Protecting the investment you have made in your acoustic guitar is very important. Here are a few tips and ideas for making your instrument last more than a lifetime. Let's consider some potential threats to your acoustic guitar. Some of these threats may be glaringly obvious while others may be a bit more obscure.
While it would be impossible to include every scenario or potential threat element in one article, perhaps the items mentioned in this article will prevent a new guitar owner from experiencing the certain regret associated with a damaged instrument. Here is a list of things to be aware of that could be a potential threat to your acoustic guitar: 1. Stage Damage 2.
Climate and Element Effects 3. Improper Storage 4. Children and Pets Let us address these potential threats in the order they are listed above. 1.
Stage Damage I mention stage damage first because it is the most common factor I have seen regarding damage to acoustic guitars. Countless guitarists have severely or irreparably damaged their acoustic guitar by failing to take extra precautions on stage. When setting up on stage, it is necessary to have a solid and secure guitar stand. Quality acoustic guitar stands are designed to stabilize your instrument. Be sure to buy a sturdy stand that has a low center of gravity.
You will be well advised to spend the extra money required to obtain a higher quality guitar stand. Also, set your guitar on the stage in an area where it is less likely to be upset by anyone passing by the instrument. Be sure to do the best you can to set the instrument away from cords and cables. This may prove to be easier said than done, especially in a tight stage setting, but the bottom line is to do your best. Finally, whenever possible, place your guitar on stage as one of the last items to be set up. The less time the instrument is on stage, the less risk there is for accidental damage.
2. Climate and Element Effects One might be surprised to note the statistics related to acoustic guitar damage which are caused by the elements. Some of the scenarios associated with this damage are very obvious while others may not be so easily recognized.
A. Heat and Sun Damage: Be very careful not to leave your guitar in a closed automobile in the summer months. Extreme heat can severely damage the instrument and may void your manufacturers warranty.
Be very careful not to leave the instrument in direct sunlight for extended periods of time. This rule applies even if there is sufficient ventilation in the area. B. Rain and Water Damage: Be careful not to leave your acoustic guitar outside during wet weather. Also, be very cautious when you are playing around a pool or fountain. Be mindful of the wind if you are playing outdoors near a fountain or waterfall.
C. Humidity Effects: If you live in a very dry climate such as Arizona, you are well aware of the effect that extreme dry conditions can have on many objects. Your guitar is not exempt. However, you do not have to live in Arizona or any other extremely dry climate to be mindful of the effects dry air can have on your guitar.
This is especially true over long periods of time. TIP: Here is a great tip that will prolong the life of your guitar. Also, over time it will help the instrument to age with mellow tonal qualities: Get a zipper style plastic sandwich bag. Create perforations in one side of the bag (15 to 20 holes with a hole punch).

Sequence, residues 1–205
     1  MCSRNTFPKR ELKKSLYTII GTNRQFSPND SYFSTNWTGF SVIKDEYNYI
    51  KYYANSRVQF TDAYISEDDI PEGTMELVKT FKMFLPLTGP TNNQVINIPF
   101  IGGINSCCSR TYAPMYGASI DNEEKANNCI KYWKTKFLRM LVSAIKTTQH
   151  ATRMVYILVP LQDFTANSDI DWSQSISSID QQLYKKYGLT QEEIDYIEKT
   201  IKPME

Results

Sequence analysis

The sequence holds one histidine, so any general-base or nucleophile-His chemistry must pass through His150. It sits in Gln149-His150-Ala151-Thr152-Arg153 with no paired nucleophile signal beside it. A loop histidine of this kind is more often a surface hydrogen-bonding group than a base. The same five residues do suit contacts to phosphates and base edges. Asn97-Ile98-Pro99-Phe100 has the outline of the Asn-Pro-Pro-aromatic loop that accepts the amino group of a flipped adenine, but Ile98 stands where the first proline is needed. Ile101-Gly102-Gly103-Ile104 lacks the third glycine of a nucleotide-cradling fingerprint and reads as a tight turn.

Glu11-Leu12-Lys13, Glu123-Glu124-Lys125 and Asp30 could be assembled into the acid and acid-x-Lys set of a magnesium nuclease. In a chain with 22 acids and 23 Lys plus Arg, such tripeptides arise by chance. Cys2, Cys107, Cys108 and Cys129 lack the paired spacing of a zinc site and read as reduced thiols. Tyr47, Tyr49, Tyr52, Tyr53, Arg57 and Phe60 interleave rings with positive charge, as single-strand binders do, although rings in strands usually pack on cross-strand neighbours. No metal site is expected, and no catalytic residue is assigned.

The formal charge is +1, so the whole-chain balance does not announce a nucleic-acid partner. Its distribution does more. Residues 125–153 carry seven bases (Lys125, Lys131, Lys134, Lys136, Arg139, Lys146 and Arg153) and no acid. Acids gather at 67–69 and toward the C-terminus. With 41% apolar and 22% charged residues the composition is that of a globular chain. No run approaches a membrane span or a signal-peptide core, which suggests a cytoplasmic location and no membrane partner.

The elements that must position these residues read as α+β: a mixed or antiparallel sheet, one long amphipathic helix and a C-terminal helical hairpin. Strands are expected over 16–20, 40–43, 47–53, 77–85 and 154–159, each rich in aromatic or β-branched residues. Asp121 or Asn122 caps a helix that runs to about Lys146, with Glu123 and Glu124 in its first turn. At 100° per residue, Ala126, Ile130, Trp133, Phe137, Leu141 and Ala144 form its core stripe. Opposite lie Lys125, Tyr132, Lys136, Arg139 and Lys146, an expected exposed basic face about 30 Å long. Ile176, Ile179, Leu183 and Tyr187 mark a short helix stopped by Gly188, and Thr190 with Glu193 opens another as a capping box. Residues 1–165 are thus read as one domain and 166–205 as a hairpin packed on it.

Get a small household sponge, one that fits easily into the sandwich bag. Make sure you get a clean, new sponge. Saturate the sponge thoroughly, but NOT dripping. Place the sponge in the sandwich bag. Close the zipper.
Place the sandwich bag in your guitar case with the perforated side of the bag facing up. This practice will keep your acoustic guitar from drying out in any climate. Over time it will also help prevent your guitar finish from crazing (cracking). This simple tip will add life to your guitar.
3. Improper Storage During the life of your guitar you may find it necessary to place the instrument in storage. If you find you need to store the guitar for an extended period of time, consider these simple tips. A. Store In A Snug Fitting, Plush Lined, Hard Shell Case B.
Remove The Strings C. Clean And Polish The Instrument (Using Protective Wax Or Wood Preserving Oil) D. Place The Plastic Baggie Containing Wet Sponge In The Case (TIP: Mentioned Above) E. Store In A Cool, Dry Place F. Loosen The Truss Rod (If Applicable) Taking the time to properly prepare your acoustic guitar for storage will extend the life of the instrument.
It will also help to ensure your guitar is unaffected by its time in storage. 4. Children And Pets This category is obvious. Keep your guitar protected from damage and abuse by keeping it out of the reach of children. This will not only protect your guitar, it will also protect a small child from being injured by the instrument.
A falling guitar can be dangerous to a small child. The guitar also has sharp string ends that can puncture the skin. If your child is old enough to have an interest in the instrument, by all means provide the child with an inexpensive entry level guitar of their own. Finally, many times Fido loves to chew or Felix loves to scratch. Keeping your acoustic guitar out of the reach of your pet is safe and beneficial for everyone involved, especially your guitar.
Al Wielder is a host and instructor at Riff TV. Contact Al Wielder at Riff TV.com, your source for guitar tab, guitar lessons and free video guitar training.